# WHY A PROPER FRAME RATE SYSTEM CAN CHANGE THE GAME

When creating a game, we want all players to go through the same experience. This is why frame rates are so important.

Feb 27th 2019 The purpose of this article is to show you how important frame rates are when creating games. For the sake of simplicity, we are only going to draw Cleverti's logo and we will animate it.

# Let's start comparing things!

If we run an animation without controlling the frame rate, it can run at different speeds for different computers or devices, this is not good when we are talking about games, because we want all the players to experience the game with the same rules! In other words, if your game is running slowly (that is, fewer frames per second), your object will also appear to move slowly, whereas if your application is running quickly (that is, more frames per second), your object will appear to move quickly. Having such unpredictable gameplay experiences is undesirable. In this example, we can see how an animation without any frame rate controller and at a speed of 0.1 can be:

``````//...

function gameLoop() {

// Call update function to update game logic
update();

// Call draw function to draw our logo to canvas
draw();

// Call gameLoop recursevly
requestAnimationFrame(gameLoop);
}

//...``````

Now let's see how important it is to control the frame rate. In the example below, we will add a frame rate controller system, so every player is able to see the animation at the same speed. No matter how fast or slow the device is, the speed will be the same for everyone. This is the same example but here we can see how an animation with frame rate controlling and at a speed of 0.1 and 10 frames per second can be:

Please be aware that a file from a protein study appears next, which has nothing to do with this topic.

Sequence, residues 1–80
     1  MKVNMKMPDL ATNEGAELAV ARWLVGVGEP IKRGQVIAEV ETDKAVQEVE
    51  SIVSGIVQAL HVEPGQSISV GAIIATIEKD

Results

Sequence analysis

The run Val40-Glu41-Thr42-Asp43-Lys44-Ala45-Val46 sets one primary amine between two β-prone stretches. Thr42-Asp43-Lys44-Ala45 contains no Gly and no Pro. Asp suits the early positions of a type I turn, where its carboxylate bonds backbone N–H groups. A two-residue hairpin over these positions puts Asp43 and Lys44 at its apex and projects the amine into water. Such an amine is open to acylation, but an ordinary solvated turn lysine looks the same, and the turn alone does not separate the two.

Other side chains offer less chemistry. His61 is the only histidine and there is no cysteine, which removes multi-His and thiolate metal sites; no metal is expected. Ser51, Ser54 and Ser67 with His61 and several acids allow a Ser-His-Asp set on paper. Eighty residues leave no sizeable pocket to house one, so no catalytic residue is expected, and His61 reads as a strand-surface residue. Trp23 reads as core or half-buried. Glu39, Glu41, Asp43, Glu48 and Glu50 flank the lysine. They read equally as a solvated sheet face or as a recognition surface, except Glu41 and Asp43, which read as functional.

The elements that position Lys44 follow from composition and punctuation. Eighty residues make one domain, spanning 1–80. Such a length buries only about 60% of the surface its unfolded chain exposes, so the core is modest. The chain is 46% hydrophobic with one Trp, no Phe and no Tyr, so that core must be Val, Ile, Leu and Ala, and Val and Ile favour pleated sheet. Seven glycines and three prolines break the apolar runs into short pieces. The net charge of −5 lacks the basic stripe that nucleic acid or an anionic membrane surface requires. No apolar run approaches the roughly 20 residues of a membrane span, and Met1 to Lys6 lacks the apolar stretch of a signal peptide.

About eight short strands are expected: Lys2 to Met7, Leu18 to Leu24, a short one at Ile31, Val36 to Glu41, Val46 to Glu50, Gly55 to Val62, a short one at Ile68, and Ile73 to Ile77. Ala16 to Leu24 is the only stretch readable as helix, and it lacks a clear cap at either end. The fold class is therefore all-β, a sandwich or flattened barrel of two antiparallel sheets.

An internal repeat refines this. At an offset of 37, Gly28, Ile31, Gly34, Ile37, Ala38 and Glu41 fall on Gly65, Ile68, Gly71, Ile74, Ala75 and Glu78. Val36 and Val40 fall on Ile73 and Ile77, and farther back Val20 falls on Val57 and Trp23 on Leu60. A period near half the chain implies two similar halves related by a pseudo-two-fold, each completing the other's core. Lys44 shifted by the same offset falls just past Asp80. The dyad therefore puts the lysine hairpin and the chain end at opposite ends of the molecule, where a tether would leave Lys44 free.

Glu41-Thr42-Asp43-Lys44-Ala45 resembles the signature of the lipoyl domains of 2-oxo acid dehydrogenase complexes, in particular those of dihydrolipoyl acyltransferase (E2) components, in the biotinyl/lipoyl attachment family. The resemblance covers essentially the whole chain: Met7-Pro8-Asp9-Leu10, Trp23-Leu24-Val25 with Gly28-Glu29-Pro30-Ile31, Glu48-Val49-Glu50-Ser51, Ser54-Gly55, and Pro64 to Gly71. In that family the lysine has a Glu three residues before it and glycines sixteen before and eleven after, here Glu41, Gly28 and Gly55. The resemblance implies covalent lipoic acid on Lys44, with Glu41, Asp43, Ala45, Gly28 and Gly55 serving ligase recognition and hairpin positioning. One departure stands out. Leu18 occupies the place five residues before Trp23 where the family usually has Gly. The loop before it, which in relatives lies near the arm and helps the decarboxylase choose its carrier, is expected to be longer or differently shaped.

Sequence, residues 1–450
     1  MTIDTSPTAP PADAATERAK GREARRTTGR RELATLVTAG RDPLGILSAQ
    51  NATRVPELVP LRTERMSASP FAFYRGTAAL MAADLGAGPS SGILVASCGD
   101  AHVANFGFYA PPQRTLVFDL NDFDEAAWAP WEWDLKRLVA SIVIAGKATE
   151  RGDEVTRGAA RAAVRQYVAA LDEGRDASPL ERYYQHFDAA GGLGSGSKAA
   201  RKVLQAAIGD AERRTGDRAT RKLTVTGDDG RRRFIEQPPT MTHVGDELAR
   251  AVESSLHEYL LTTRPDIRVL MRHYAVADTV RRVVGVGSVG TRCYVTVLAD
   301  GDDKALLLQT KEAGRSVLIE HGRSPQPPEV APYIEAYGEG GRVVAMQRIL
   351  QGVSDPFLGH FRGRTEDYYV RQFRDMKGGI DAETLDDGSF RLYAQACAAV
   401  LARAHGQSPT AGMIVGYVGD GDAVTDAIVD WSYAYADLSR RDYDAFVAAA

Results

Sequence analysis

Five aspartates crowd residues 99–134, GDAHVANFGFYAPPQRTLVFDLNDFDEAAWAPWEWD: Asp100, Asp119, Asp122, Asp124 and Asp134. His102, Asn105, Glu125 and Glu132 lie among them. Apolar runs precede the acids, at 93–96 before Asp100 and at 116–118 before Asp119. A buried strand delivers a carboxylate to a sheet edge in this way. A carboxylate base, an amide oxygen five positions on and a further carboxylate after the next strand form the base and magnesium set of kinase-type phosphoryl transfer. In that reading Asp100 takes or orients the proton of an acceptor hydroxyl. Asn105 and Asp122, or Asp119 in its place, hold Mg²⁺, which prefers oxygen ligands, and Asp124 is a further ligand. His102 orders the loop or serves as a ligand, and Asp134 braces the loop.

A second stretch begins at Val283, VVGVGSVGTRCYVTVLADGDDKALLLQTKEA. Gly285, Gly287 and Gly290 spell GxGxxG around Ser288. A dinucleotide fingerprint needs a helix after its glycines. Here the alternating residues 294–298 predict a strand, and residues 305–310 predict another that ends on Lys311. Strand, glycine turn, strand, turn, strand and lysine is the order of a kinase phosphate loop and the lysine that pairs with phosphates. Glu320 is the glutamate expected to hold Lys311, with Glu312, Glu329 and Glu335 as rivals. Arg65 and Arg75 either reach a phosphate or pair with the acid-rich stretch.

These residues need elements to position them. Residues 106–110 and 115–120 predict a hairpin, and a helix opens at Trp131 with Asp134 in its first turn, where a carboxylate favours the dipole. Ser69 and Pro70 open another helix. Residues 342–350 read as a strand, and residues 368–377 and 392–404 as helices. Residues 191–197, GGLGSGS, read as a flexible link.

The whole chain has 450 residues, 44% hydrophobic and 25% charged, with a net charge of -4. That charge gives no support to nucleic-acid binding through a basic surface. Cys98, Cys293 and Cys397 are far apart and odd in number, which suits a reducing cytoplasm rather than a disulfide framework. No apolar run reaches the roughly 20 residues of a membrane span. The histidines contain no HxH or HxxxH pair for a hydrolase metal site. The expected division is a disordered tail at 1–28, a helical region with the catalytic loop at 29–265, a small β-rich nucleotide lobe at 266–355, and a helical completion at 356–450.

``````
// Simulate 1000 ms / 60 FPS = 16.667 ms per frame every time we run update()
let time_step = 1000 / 60,
delta = 0,
last_frame_time_ms = 0, // The last time the loop was run
max_FPS = 60; // The maximum FPS we want to allow

function gameLoop(timestamp) {

// Throttle the frame rate.
if (timestamp < last_frame_time_ms + (1000 / max_FPS)) {
requestAnimationFrame(gameLoop);
return;
}

delta += timestamp - last_frame_time_ms;
last_frame_time_ms = timestamp;

let num_update_steps = 0;
while (delta >= time_step) {

// update our game logic before draw things to canvas
update(time_step);
delta -= time_step;
}

// Call draw function to draw our logo to canvas
draw();

// Call gameLoop recursevly
requestAnimationFrame(gameLoop);
}
``````

Once we get the frame rate system, we can control the maximum frames per second we want to allow. This is the same example but here we can see how an animation with frame rate controlling and at a speed of 0.1 and 25 frames per second can be:

This is the same example but here we can see how an animation with frame rate controlling and at a speed of 0.1 and 60 frames per second can be:

# So... Why should we use a controlling frame rate system?

As the objects are moving at varying distances in each frame - and some of those distances are pretty large- they start to behave erratically without a controlled frame rate. In games, this phenomenon can allow players to run through walls, or prevent them from jumping over obstacles. We can also experience small rounding errors from multiplying the velocity with the frame delta. This will result in the object's position "drifting" over time. A solution to fix this is to separate the amount of time simulated in each update() from the amount of time between frames. This approach avoids inconsistent rounding errors and ensures that there are no giant leaps through walls between frames. Now that you know this... go make some awesome games!

Written by Nuno Barão |  Developer at Cleverti